Q: What is the current status of 5G communications?
A: The 5G cycle is well underway, with many field trials completed and many others in progress, globally. In the 5G Trial Snapshot Report from the GSA, some 330 separate 5G trials and demonstrations have been identified around the world to date, with over 130 mobile operators announcing 5G trials in 62 countries. Whilst many of these trials focus on demonstrating higher throughput, 5G introduces flexibility and new features that enable new applications and sets the stage for a wireless standard that will carry us into 2030 and beyond.
Q: What about the adoption of 5G communications, its growth and future development?
A: Looking forward, we see no slowing in the generation and consumption of mobile data as video sharing becomes pervasive throughout our society. But the future of connectivity is also about connecting to the world around us as we enter the coming age of machines. We are on the doorstep of an era of digital transformation that will profoundly change the way we live, work and move about daily. Whilst the current smartphone is an interface between humans and information, future devices will actively communicate with each other independent of human interaction. They will monitor the environment around us through a dense network of connected sensors and make active decisions based on that. At the core of this coming digital transformation are highly capable mobile networks connecting everyone and everything with high reliability and low latency.
At the end of 2017, the 3GPP published the first 5G NR specification (Release 15). While this non-standalone specification is the first of many steps in achieving 5G, this enabled SoC vendors to move forward with modems to support the 2019 availability of 5G handsets. Then another milestone was announced by the 3GPP on the completion of the 5G NR standalone specification, which will enable independent deployment of 5G NR networks. While the spectrum of choice varies by region, it is expected that 5G deployments will commercially launch in 2020 and consumers will begin to experience the first benefits of the 5G technology. We expect that 5G massive MIMO will leverage mid-band spectrum in many regions, followed by millimeter wave deployments as this technology matures.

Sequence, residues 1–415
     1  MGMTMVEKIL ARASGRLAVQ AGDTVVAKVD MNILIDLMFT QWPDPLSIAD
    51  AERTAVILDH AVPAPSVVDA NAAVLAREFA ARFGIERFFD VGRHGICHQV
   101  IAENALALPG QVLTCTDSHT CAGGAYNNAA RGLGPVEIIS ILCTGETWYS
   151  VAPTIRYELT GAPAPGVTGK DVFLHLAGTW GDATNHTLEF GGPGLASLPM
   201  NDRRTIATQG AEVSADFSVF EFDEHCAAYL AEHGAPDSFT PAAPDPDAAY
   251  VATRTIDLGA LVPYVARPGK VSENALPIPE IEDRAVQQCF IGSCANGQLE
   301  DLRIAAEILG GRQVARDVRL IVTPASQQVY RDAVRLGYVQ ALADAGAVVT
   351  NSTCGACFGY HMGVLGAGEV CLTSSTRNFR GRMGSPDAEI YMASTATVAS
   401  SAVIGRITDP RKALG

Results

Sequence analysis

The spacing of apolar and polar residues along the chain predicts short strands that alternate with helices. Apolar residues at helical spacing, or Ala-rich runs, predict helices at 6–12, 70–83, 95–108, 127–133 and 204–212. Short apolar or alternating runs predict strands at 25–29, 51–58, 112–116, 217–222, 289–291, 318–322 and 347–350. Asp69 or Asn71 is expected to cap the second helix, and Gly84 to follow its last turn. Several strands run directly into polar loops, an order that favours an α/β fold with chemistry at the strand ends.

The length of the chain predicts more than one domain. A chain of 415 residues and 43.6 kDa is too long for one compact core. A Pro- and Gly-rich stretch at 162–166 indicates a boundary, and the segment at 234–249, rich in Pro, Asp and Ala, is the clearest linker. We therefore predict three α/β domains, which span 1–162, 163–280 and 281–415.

Q: Is 5G enabling new technological developments?
A: While we as engineers tend to focus on the emerging specifications such as bandwidth, latency and such, one of the foundations of 5G is flexibility. If we observe how the specifications are forming, we see the waveforms being defined to enable a range of uses currently envisioned, with provisions for some not even yet imagined.
At a high level, 5G is motivated by the desire to enable three major applications:
- Enhance mobile broadband (eMBB);
- Massive machine type connectivity (mMTC);
- Ultra-reliable low-latency communications (uRLLC).
Currently, much of the industry 5G focus is on enhanced mobile broadband, driving toward high network capacity and higher throughput that uses beamforming techniques in the mid- and high-band spectrum. We are also beginning to see new applications emerge, such as industrial automation, that leverage the low latency features of the 5G network architecture.
Q: How can the industry continue to support 5G technology in the future?
A: Enhanced mobile broadband drives a need for higher data throughput and higher network capacity. Cellular base-station capacity can be increased through three major initiatives: acquiring new spectrum, increasing base station density and improving spectral efficiency. While we continue to see new spectrum made available for mobile use globally, and network density increasing though the addition of small cells, there remains a much-needed improvement in the utilisation of available spectrum.